The Name Game

In twenty-five years of marketing, the two toughest items I produced were billboard copy and photo captions. I’ve now discovered their literary equivalents: book titles and cover copy. These tiny, critical windows are the most-important point-of-purchase components of book sales. So how does an author create compelling book-marketing bits and pieces? Here are a few ideas.

41PMlxkPaTL._SX260_YOUR BOOK TITLE — Billboards are the “three-second read” in advertising. Drivers glance, absorb four or five words, and either ignore the (very-expensive) board, or act later because something stuck in their minds. Your manuscript title is a literary billboard. How does it perform in the following criteria?

  • Is every word familiar? Use the simplest English words you can, and replace all but very common foreign words. In Friedman’s The Aleppo Codex, anyone paying attention to Syria’s civil war will immediately pick up the book. Regarding The History of the Arab People by Hourani, his foreign name lends credibility. (These are AWESOME books.)
  • Is your title evocative and powerful? Barbery’s The Elegance of the Hedgehog is a great example of an intriguing title. John Le Carre’s A Delicate Truth is another interesting option. I like juxtapositions in titles, or plays on words. But remember, the shorter the better!
  • Is your title different? Again, refer to Barbery’s recent work. When did you last see hedgehog on a book cover? Or delicate in the title of a work of suspense, a la Le Carre?
  • Does your title convey the essence of what you’re doing? Sometimes I create great titles—but they don’t match my work. Usually the “perfect” title floats from my subconscious. Keep at it until your title is relevant, and consistent with your story. Creating a title is all about condensing.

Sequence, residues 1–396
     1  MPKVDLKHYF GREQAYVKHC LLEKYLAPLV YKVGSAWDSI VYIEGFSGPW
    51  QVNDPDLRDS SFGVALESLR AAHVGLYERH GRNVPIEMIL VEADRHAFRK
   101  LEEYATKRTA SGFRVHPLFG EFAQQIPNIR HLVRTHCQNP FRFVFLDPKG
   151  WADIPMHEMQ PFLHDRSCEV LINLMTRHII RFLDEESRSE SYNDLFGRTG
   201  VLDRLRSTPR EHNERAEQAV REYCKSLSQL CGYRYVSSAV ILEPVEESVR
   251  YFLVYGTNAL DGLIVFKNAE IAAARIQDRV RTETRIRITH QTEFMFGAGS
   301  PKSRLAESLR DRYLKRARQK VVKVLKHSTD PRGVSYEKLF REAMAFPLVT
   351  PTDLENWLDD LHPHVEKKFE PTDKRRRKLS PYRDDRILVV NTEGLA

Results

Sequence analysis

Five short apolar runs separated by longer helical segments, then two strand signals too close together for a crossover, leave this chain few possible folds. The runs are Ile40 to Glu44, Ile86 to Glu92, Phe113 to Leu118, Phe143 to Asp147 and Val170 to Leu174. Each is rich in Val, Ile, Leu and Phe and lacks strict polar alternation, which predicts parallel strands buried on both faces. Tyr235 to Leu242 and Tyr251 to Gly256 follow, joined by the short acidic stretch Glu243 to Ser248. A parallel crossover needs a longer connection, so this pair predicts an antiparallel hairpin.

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COVER COPY — Once your title is strong enough to rise from the sea of recent releases, address cover copy. The title and graphics trigger a person to consider the book. But the “sell” comes with the cover copy. Don’t underestimate the importance of this short blurb, which must be perfect.

  • How powerful are your words? Look at cover copy from books by favorite writers. They use strong words “indigenous” to the genre. Sentences are crisp. Lean. Study every individual word, and surgically lace them together. Be precise.
  • Does this copy convey the gist of your story? Cover copy can be well-written, but a literary rabbit trail. Share enough to trigger a purchase, but not too much. Write in a style consistent with your manuscript, because cover copy should be a sneak preview of what’s to come.
  • Does your cover seduce your reader? Cover copy is the come-hither phase of your literary relationship with a potential reader. Be your best, stay true to yourself, and represent your genre well. If you write suspense, be suspenseful. If you write romance, be romantic. If you write horror…well, just don’t get arrested.

Lastly, be prepared for all of this to change if your publisher decides to reposition your work. What is your experience with book titles and cover copy? Do you have suggestions? I’m interested!

(cover art courtesy of amazon.com

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